As delegates from the US and China get together to discuss an ongoing trade rift, experts and officials have voiced optimism that a resolution could be in the works.
Cui Tiankai, the Chinese ambassador to Washington, met with John Sullivan on Wednesday, for talks that could see a full list of tariffs pitched by the US and China scaled back, an expert at Capital Economics told Verdict.
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A new set of tariffs announced by the US on Chinese goods on Wednesday and retaliatory measures threatened by China less than 24 hours later, were just a “deterrent” and may never go ahead, Chang Liu, China economist at London-based macroeconomics research consultancy said.
“Our view is that it’s unlikely that the exact, full list of tariffs will get implemented. Most likely it will be watered down.”
US tariffs of 25% on steel and 10% on aluminium products proposed by Trump have in recent weeks been scaled back for all countries except Japan and China, Liu said.
If the full list of US tariffs do go ahead, analysts predict that the damage would skim a minimal 0.1% off China’s GDP.
“Given the small economic impact on China, the response from the Chinese government yesterday, announcing retaliatory tariffs, was a little bit surprising, and we think the response is mostly a deterrent to stop the situation escalating.
“There’s also a chance that China and the US come to some kind of agreement, within the next few months, so it may not happen in the end.
Both sides have voiced willingness to reach a deal, following the hour-long meeting between delegates in Washington yesterday.
In an interview with state-owned China Central Television after the talks, Cui Tiankai, China’s ambassador to the United States, said:
“Negotiation would still be our preference, but it takes two to tango. We will see what the US will do.
While Trump’s top economic adviser, Larry Kudlow said:
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“I think we’re going to come to agreements,” he said, adding that “I believe that the Chinese will back down and will play ball.”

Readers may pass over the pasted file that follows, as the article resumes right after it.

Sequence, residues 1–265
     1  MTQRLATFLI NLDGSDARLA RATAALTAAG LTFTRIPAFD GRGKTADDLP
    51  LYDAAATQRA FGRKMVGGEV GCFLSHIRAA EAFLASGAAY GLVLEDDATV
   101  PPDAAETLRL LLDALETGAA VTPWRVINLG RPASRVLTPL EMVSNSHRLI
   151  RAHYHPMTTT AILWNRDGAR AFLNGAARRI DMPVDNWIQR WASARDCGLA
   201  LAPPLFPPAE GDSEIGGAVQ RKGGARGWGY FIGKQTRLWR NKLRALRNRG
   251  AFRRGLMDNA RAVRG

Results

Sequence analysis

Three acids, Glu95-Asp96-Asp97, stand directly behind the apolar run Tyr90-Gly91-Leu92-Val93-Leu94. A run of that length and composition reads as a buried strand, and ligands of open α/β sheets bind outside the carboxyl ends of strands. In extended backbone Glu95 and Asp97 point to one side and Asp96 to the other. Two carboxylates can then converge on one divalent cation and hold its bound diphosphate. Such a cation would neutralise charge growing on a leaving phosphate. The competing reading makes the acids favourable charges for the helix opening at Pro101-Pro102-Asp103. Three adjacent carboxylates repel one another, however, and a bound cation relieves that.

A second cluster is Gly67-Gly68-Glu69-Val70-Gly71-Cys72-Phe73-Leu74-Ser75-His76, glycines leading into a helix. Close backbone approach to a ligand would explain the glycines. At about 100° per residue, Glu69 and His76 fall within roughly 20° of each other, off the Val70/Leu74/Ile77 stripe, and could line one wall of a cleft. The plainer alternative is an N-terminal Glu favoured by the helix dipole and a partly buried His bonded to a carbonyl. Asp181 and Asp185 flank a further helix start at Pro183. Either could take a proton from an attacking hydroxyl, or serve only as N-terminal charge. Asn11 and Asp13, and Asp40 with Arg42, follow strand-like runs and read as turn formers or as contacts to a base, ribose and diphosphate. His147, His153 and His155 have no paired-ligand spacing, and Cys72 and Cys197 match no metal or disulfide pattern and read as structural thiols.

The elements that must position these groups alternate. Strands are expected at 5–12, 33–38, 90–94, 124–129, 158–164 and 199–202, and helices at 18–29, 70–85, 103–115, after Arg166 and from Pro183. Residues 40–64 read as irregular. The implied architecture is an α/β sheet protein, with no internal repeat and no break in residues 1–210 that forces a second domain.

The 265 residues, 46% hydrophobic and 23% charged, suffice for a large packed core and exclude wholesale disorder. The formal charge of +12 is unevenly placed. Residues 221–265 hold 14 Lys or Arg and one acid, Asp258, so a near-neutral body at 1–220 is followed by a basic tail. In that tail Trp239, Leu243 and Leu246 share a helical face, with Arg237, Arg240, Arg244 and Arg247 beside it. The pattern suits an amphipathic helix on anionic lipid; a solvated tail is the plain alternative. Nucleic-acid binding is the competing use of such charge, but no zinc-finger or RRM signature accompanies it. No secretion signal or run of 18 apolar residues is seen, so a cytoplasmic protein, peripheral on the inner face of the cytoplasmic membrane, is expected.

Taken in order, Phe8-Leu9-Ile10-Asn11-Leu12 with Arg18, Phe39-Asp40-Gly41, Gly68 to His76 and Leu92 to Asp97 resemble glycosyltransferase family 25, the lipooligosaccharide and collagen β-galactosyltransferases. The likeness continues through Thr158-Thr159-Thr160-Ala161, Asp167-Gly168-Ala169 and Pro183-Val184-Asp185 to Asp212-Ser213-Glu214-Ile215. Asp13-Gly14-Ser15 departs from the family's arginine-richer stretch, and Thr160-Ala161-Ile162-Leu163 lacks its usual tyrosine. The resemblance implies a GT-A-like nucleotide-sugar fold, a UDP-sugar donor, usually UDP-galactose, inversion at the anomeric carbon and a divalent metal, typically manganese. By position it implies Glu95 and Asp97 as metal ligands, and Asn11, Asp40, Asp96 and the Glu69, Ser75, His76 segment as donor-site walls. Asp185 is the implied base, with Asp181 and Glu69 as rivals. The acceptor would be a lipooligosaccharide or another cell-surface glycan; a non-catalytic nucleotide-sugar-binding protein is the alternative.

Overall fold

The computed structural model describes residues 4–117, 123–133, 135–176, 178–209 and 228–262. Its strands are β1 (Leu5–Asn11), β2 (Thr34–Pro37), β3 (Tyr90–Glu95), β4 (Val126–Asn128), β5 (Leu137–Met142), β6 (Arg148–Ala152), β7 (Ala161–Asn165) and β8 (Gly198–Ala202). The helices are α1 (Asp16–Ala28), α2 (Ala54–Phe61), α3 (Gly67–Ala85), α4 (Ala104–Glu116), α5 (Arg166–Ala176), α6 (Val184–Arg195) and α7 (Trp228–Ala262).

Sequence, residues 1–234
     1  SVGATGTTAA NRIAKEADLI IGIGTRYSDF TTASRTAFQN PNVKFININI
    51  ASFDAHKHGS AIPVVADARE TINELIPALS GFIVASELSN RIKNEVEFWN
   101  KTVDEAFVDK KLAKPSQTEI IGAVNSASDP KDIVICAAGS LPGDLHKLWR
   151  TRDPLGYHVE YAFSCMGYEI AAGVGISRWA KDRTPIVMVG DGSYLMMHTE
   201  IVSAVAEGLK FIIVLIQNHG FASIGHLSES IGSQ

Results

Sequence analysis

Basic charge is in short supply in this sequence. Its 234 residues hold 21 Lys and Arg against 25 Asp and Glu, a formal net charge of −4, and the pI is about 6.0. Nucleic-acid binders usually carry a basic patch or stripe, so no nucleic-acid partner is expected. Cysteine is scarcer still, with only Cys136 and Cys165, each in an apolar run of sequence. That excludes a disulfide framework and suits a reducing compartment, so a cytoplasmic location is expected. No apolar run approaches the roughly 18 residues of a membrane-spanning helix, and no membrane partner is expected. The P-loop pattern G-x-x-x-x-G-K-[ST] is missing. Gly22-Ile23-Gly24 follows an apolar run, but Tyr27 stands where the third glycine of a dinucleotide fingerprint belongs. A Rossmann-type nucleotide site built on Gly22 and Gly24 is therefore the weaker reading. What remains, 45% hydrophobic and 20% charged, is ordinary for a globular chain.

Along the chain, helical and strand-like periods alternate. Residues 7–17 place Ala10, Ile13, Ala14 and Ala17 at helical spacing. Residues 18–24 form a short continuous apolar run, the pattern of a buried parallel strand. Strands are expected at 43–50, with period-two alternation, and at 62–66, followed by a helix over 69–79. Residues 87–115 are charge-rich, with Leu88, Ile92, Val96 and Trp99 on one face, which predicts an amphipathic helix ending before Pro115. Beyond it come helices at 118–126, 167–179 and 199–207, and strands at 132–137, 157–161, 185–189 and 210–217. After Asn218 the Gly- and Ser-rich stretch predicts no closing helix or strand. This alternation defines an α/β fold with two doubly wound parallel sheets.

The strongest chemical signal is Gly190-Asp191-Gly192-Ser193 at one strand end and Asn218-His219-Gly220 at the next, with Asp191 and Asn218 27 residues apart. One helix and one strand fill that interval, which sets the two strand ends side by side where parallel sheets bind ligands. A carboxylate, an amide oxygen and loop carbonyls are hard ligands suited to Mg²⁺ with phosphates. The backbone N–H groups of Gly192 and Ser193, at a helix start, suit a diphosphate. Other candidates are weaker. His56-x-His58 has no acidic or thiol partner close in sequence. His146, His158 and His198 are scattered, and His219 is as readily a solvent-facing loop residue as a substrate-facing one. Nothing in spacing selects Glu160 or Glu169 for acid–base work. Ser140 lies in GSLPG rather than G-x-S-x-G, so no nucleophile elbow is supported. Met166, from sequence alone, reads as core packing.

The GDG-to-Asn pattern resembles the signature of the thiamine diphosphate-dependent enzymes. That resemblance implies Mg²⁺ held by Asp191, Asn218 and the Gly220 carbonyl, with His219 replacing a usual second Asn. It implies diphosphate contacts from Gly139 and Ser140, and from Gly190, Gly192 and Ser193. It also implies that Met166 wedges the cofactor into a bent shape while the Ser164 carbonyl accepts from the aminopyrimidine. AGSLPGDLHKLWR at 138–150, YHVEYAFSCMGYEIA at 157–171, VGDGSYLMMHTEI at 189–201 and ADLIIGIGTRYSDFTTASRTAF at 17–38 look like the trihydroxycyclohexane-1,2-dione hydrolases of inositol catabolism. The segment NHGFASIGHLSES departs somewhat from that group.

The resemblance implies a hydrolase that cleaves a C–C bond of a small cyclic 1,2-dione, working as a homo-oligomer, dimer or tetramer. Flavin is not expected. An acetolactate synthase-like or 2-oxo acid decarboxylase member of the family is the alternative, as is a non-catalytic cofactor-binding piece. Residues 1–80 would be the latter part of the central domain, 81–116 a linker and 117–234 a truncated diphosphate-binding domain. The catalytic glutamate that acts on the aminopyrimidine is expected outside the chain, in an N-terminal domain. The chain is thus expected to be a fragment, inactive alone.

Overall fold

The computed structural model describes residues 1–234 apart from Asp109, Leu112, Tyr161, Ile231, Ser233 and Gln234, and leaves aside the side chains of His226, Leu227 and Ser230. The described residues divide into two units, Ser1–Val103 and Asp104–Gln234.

Asked by Reuters if the US tariffs announced on Tuesday were just a bargaining chip and would never go ahead, Trump’s top economic adviser, Larry Kudlow said:
“Yes, it’s possible. It’s part of the process,” adding the announcements by the two countries were merely ‘opening proposals’.
Liu was optimistic that a deal could be reached, but said it would take time and fall short of meeting Trump’s full demands.
“The $100 billion reduction in the trade balance that Trump has demanded is hard to achieve, more likely China could offer some kind of concessions, for example deals on some big ticket imports, to sort of appease the US, of at least give the appearance of reducing the bi-lateral trade balance.
If they did go ahead, the retaliatory tariffs proposed by China of 25% on 106 US goods, including Soybeans, whisky and aircraft parts, could be disastrous for Trump’s support base, and would escalate the growing trade war, Liu explained.
“China has targeted the [imports from] states where Trump’s support has been the strongest.”
It is no accident that soya beans were top of the list, as they are made in states who voted for Trump in the 2016 election, Lui said, serving as a powerful threat.
“If this does lead to an escalation of tensions between the two countries, and more measures introduced in the future, then it could obviously lead to a broader trade war that would damage both economies. But right now I think it’s more likely a compromise will be reached between both of them.
Markets in Asia and Europe rallied on Thursday amid signs Washington and Beijing could work it out.
Source: USITC, USTR, Capital Economics
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